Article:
If you’re setting up a Kubernetes or OpenShift cluster with the BIG-IP Controller for the first time, you may be asking yourself,
“What is the pool-member-type setting and which mode should I choose?”.
This document clarifies the available options and provides vital information to take into account when making this decision.
In brief: The
pool-member-type setting determines what mode the Controller runs in –
Nodeport mode is the default mode of operation for the BIG-IP Controller in Kubernetes. From a configuration standpoint, it’s easier to set up since it doesn’t matter what Kubernetes Cluster Network you use. In addition, NodePort mode doesn’t have any specific BIG-IP licensing requirements.
As shown in the diagram below,
nodeport mode uses 2-tier load balancing:
Important limitations to consider:
type: NodePort. 
If you want to use NodePort mode, continue on to Install the BIG-IP Controller in Kubernetes.
You should use
cluster mode if you intend to integrate your BIG-IP device into the Kubernetes cluster network.
OpenShift users must run the BIG-IP Controller in cluster mode.
Cluster mode requires a Better or Best license that includes SDN services and advanced routing. While there are additional networking configurations to make, cluster mode has distinct benefits over nodeport mode:
If you want to run BIG-IP Controller in cluster mode, continue on to Network considerations.
The following guides provide relevant information and instructions:
When thinking about how to integrate your BIG-IP device into the cluster network, you’ll probably want to take into account what you have to do manually vs what the BIG-IP Controller takes care of automatically. In general, the manual operations required occur far less frequently than those that are automatic. The list below shows common operations for a typical Kubernetes cluster, from most-frequent to least-frequent.
The BIG-IP Controller always manages BIG-IP system configurations for Pods automatically. For Nodes and Clusters, you may have to perform some actions manually (or automate them using a different system, like Ansible).  Take these into consideration if you’re deciding how to set up your cluster network, or deciding how to integrate the BIG-IP Controller and a BIG-IP device into an existing cluster.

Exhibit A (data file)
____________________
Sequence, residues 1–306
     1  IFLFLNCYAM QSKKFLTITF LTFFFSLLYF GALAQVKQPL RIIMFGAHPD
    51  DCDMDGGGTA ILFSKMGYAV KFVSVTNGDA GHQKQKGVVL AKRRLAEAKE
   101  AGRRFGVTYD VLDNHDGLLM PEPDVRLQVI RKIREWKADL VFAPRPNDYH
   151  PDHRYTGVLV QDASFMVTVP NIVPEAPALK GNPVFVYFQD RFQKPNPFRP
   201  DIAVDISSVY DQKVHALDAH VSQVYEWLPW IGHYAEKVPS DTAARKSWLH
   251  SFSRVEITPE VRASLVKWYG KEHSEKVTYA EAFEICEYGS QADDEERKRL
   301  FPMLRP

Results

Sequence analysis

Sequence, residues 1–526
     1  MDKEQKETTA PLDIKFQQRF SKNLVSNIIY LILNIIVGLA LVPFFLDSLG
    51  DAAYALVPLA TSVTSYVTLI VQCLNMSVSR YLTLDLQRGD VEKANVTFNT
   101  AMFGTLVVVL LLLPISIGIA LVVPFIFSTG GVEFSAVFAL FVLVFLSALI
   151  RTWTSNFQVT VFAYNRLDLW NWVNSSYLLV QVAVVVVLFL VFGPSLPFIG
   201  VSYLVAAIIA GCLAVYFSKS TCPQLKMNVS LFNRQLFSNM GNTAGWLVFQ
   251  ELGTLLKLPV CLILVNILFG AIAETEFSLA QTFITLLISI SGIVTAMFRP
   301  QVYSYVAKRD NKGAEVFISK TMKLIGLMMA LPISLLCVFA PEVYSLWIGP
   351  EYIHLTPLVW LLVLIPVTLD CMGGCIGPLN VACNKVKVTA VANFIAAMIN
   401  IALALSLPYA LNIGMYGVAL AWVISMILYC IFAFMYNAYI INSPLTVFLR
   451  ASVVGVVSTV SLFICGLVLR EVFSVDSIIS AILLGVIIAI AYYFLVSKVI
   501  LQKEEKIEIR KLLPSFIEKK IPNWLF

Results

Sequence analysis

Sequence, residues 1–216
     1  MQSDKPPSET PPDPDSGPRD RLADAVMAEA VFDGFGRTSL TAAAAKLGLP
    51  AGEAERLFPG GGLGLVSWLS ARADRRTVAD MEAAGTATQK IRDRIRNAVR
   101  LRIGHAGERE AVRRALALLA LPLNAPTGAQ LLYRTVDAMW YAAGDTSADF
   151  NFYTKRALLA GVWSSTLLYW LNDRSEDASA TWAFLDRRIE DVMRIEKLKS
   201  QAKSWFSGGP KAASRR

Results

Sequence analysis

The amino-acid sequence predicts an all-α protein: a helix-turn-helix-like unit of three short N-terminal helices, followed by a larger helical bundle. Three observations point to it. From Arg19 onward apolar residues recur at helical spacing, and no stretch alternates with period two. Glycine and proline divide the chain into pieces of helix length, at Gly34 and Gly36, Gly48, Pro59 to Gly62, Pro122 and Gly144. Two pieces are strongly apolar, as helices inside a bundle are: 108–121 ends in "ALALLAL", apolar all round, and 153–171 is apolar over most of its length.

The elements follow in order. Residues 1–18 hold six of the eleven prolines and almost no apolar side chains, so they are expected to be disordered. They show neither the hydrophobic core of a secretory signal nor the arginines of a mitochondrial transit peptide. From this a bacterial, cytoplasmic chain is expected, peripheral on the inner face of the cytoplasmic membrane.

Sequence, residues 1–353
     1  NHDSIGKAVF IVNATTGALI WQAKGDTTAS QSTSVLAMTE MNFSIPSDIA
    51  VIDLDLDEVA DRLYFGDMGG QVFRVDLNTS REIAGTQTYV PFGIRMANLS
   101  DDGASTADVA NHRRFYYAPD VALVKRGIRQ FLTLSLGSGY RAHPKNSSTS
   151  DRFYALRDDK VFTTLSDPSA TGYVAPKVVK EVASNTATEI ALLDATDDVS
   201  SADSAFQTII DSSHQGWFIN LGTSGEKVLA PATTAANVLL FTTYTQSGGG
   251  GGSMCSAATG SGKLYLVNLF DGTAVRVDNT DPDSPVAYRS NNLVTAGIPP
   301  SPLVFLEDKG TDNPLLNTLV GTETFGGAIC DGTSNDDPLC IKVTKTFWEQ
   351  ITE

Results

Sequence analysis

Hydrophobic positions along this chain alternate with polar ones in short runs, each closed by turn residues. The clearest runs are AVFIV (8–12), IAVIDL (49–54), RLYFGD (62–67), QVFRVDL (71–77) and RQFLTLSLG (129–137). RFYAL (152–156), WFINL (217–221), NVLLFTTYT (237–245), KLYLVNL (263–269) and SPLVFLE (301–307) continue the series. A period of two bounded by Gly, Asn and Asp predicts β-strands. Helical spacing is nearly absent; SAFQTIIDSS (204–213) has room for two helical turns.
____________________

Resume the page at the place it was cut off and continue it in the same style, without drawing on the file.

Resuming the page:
BIG-IP platforms support several overlay networks, like VXLAN, NVGRE, and IPIP. The manual steps noted in the table apply when integrating a BIG-IP device into any overlay network, not just the examples shown here.
The examples below are for instructional purposes only.
|Network Type||Add Cluster||Add Node(s)|
|Layer 2 networks|
Create a new OpenShift HostSubnet for the BIG-IP self IP.
None. The BIG-IP Controller automatically detects OpenShift routes and makes the necessary BIG-IP system
Allocate an overlay IP address from Flannel for the BIG-IP self IP.
Create a network and VXLAN tunnel on the BIG-IP system with a VTEP in the Flannel VXLAN network.
|Add an FDB entry and ARP record for each node.|
|Layer 3 networks|
|Calico||Set up BGP peering between the BIG-IP device and Calico.||
None. Managed by BGP.
NOTE: Depending on the BGP configuration, you may need to update the BGP neighbor table.
|Flannel host-gw||Configure routes in Flannel and on the BIG-IP device for per-node subnet(s).||Add/update per-node subnet routes on the BIG-IP device.|
|||See Publishing Services - Service Types in the Kubernetes documentation.|
|||See the f5-ansible repo on GitHub for Ansible modules that can manipulate F5 products.|
|||Be sure to use the correct encapsulation format for your network.|